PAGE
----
Essay On The Oedipus Complex In Hamlet

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Hamlet In his play Hamlet, William Shakespeare gives the readers a chance to interpret the text beyond the visible letters. If one keeps their eyes open, between the lines is a subtext, which is quite fascinating. Recurring themes of being a son and a lover can be confused but if one applies correct attention to certain quotes, it is quite obvious that Shakespeare himself wanted the lines to be blurred. Throughout the play, despite raw text hinting towards the Oedipal Complex between Hamlet and Gertrude, when delving deeper into the script, the true intentions of Hamlet’s love towards Gertrude and Ophelia are revealed. Paying close attention to Hamlet’s numerous actions towards his mother, Gertrude, one may assume that Hamlet endures an Oedipal Complex. In one of many instances, Hamlet implies that he is perhaps fond of Gertrude. Towards the end of Act 3 (on page 181), Hamlet tells his mother, “I must be cruel only to be kind”. This suggests that perhaps he is going out of his way to be kind to her although he may act cruelly to others (Ophelia). He truly wanted to be a good son and fill his father, King Hamlet’s, shoes. He is respectful and dear to his mother when he tells her flat out, “I shall in all my best obey you, madam” (page …show more content…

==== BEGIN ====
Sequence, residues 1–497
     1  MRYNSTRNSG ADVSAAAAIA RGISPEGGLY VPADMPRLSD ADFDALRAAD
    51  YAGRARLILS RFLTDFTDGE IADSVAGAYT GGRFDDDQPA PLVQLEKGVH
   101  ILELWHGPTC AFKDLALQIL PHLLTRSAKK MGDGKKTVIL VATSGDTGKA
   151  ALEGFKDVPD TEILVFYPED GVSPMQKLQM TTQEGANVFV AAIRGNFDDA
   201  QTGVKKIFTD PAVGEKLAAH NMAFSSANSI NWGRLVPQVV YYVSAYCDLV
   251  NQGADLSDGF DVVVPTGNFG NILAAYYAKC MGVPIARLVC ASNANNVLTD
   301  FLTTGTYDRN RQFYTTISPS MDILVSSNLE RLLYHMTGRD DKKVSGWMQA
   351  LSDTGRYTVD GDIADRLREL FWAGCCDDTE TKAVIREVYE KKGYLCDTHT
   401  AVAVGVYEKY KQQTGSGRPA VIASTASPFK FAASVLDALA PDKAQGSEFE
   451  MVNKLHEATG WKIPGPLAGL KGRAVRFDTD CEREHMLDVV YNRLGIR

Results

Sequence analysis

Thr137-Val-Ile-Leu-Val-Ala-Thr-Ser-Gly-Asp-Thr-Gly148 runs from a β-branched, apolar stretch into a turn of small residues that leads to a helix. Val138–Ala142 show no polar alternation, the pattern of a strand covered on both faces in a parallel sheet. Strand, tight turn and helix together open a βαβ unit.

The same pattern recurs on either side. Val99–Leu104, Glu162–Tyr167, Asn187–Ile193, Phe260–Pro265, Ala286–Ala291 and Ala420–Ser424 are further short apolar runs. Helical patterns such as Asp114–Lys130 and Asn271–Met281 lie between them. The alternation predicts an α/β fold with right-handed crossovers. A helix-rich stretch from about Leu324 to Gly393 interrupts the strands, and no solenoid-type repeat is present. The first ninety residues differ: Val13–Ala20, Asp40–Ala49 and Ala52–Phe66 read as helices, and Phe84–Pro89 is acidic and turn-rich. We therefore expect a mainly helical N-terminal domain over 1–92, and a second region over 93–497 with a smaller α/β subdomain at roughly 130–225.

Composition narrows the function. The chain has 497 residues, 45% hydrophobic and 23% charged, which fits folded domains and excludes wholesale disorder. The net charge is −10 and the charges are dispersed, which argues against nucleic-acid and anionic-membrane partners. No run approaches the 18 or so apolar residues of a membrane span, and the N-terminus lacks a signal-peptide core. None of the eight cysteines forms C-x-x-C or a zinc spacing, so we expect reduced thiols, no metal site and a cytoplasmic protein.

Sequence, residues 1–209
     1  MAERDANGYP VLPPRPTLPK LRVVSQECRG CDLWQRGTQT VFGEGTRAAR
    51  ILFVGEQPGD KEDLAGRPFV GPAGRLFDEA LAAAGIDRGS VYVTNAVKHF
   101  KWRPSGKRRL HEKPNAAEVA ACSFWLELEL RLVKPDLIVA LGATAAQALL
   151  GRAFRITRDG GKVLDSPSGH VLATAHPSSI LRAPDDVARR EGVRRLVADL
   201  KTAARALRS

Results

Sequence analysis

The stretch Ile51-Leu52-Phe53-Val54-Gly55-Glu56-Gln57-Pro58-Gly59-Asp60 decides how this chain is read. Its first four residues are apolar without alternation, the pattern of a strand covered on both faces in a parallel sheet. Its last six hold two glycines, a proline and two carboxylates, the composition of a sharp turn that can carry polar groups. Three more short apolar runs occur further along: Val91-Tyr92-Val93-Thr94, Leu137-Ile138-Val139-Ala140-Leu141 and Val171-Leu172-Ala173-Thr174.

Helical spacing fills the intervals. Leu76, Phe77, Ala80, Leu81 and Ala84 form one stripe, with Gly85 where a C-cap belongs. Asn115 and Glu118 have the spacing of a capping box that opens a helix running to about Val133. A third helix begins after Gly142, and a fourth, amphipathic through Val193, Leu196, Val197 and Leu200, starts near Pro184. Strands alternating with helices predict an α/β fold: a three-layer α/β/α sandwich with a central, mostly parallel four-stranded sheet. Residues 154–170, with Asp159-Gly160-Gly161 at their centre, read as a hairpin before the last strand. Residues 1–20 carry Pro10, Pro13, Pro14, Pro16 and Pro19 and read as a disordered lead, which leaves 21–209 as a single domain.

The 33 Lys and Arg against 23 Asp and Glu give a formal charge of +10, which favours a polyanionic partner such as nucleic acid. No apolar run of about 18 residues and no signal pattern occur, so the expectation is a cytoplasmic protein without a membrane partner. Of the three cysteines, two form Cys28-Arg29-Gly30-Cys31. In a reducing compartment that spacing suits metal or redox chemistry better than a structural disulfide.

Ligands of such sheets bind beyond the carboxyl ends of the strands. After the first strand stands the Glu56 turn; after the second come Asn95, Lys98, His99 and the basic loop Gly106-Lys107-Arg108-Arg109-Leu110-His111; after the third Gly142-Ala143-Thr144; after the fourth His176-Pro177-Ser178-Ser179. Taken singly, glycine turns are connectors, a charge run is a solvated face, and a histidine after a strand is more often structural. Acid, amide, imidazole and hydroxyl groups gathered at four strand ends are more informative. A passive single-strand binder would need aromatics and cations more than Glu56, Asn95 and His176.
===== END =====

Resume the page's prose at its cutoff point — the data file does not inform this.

The defined oblivion must be noted once the ghost enters during a conversation shared between Hamlet and Gertrude (page 177). In this particular scene, Hamlet uses certain graphical scenes from his imagination of his mother and his uncle entertaining in intercourse. Once Gertrude responds, “No more, sweet Hamlet”, Hamlet may have felt a little turned on by how his mother was speaking to him after describing the love scene. Hence, the ghost, being Hamlet’s subconscious, tries to put Hamlet back on track. Hamlet was aware that perhaps he was confused with whom his heart truly lay; the ghost was meant to serve as an awakening, per

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